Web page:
Black Smoke: No New Pope Elected In First Vote

Black Smoke No New Pope Elected In First VoteBlack smoke billowed from the chimney of the Sistine Chapel Tuesday night, indicating that cardinals gathered at the Vatican to elect a new pope had not chosen one in the first ballot of their conclave.

‘Black smoke, no pope’

The start of the secret election got underway earlier in the day, as the heavy wooden doors to the chapel swung closed on the 115 Roman Catholic cardinals charged with selecting the next pontiff. The next round of voting will begin Wednesday morning. Results will be revealed by puffs of smoke from the chimney following each ballot. Black smoke, no pope. White smoke, success.

Earlier, the cardinals celebrated a morning Mass at St. Peter’s Basilica, where they prayed for guidance in making a choice that could be crucial to the direction of a church rocked by scandal in recent years.


‘Clear frontrunner’

Meanwhile, the Italian news media are full of speculation about which cardinal may win enough support from his counterparts to be elected, and what regional alliances are being formed. According to CNN Vatican analyst John Allen, also a correspondent for the National Catholic Reporter, the race was wide open as the cardinals entered the conclave. Unlike in 2005, when Benedict XVI was believed to be the favorite going into the election, no one has emerged as a clear frontrunner this time around, Allen said.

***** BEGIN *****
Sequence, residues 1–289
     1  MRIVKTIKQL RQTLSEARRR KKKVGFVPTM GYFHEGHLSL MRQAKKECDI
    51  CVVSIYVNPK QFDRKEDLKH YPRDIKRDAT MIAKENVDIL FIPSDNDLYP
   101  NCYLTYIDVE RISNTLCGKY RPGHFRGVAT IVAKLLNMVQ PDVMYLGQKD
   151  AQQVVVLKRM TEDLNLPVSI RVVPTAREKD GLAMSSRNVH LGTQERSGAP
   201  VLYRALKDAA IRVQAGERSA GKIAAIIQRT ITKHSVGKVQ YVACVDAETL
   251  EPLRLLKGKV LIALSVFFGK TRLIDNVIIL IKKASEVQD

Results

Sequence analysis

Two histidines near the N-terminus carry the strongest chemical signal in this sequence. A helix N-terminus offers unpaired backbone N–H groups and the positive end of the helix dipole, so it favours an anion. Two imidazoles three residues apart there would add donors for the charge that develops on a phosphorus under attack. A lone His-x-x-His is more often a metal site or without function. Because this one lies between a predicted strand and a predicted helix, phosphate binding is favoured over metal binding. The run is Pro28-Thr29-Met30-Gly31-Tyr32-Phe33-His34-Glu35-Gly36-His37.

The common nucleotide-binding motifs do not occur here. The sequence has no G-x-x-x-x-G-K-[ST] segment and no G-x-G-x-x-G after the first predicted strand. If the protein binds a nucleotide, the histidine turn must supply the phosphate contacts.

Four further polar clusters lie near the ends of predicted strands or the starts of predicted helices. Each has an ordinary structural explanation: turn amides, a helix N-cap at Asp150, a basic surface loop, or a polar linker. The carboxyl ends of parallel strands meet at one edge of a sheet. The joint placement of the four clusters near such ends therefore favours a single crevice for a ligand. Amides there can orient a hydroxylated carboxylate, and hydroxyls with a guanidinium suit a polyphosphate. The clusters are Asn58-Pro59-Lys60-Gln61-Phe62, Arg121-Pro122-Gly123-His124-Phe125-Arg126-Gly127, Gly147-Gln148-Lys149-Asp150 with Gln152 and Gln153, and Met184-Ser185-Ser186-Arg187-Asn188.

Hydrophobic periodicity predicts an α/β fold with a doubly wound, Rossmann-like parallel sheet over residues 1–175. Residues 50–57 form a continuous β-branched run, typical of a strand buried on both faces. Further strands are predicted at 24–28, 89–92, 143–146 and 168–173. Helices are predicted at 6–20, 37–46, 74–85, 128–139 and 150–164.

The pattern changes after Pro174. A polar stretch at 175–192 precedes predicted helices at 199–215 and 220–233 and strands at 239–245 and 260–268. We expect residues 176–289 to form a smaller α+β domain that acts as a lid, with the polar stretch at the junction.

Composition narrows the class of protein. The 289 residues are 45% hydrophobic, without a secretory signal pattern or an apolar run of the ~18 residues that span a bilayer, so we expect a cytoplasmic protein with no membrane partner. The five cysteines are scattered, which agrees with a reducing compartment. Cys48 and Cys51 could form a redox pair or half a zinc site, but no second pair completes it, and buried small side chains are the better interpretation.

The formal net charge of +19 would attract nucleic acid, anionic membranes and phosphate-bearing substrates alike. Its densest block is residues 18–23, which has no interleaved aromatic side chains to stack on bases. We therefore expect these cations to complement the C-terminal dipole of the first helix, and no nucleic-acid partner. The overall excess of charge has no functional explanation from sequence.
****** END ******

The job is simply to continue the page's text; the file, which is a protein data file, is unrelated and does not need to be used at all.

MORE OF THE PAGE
Some names have cropped up in media reports as possible contenders, however. They include Italy’s Cardinal Angelo Scola; Brazil’s Odilo Scherer; Marc Ouellet of Quebec, Canada; U.S. cardinals Sean O’Malley of Boston and Timothy Dolan of New York; and Ghana’s Peter Turkson.

Who do you think will be the next pope? Who do you WANT to be the next pope?

Source: Laura Smith-Spark, Richard Allen Greene and Dan Rivers, CNN

Image: Breaking News

New Study Links Processed Meat To Early Death

New Study Links Processed Meat To Early DeathSausages, ham, bacon and other processed meats appear to increase the risk of dying young, a study of half a million people across Europe suggests. It concluded diets high in processed meats were linked to cardiovascular disease, cancer and early deaths.

‘Opting for leaner cuts’

The researchers, writing in the journal BMC Medicine, said salt and chemicals used to preserve the meat may damage health. The British Heart Foundation suggested opting for leaner cuts of meat.

The study followed people from 10 European countries for nearly 13 years on average. It showed people who ate a lot of processed meat were also more likely to smoke, be obese and have other behaviours known to damage health. However, the researchers said even after those risk factors were accounted for, processed meat still damaged health.


‘Less healthy lifestyle’

One in every 17 people followed in the study died. However, those eating more than 160g of processed meat a day – roughly two sausages and a slice of bacon – were 44% more likely to die over a typical follow-up time of 12.7 years than those eating about 20g. In total, nearly 10,000 people died from cancer and 5,500 from heart problems.

Prof Sabine Rohrmann, from the University of Zurich, told the BBC: “High meat consumption, especially processed meat, is associated with a less healthy lifestyle. But after adjusting for smoking, obesity and other confounders we think there is a risk of eating processed meat. Stopping smoking is more important than cutting meat, but I would recommend people reduce their meat intake.”

She said if everyone in the study consumed no more than 20g of processed meat a day then 3% of the premature deaths could have been prevented. The UK government recommends eating no more than 70g of red or processed meat – two slices of bacon – a day.

Do you eat a lot of processed meat everyday? Are you planning on cutting back?

Source: BBC News

Image: Science Daily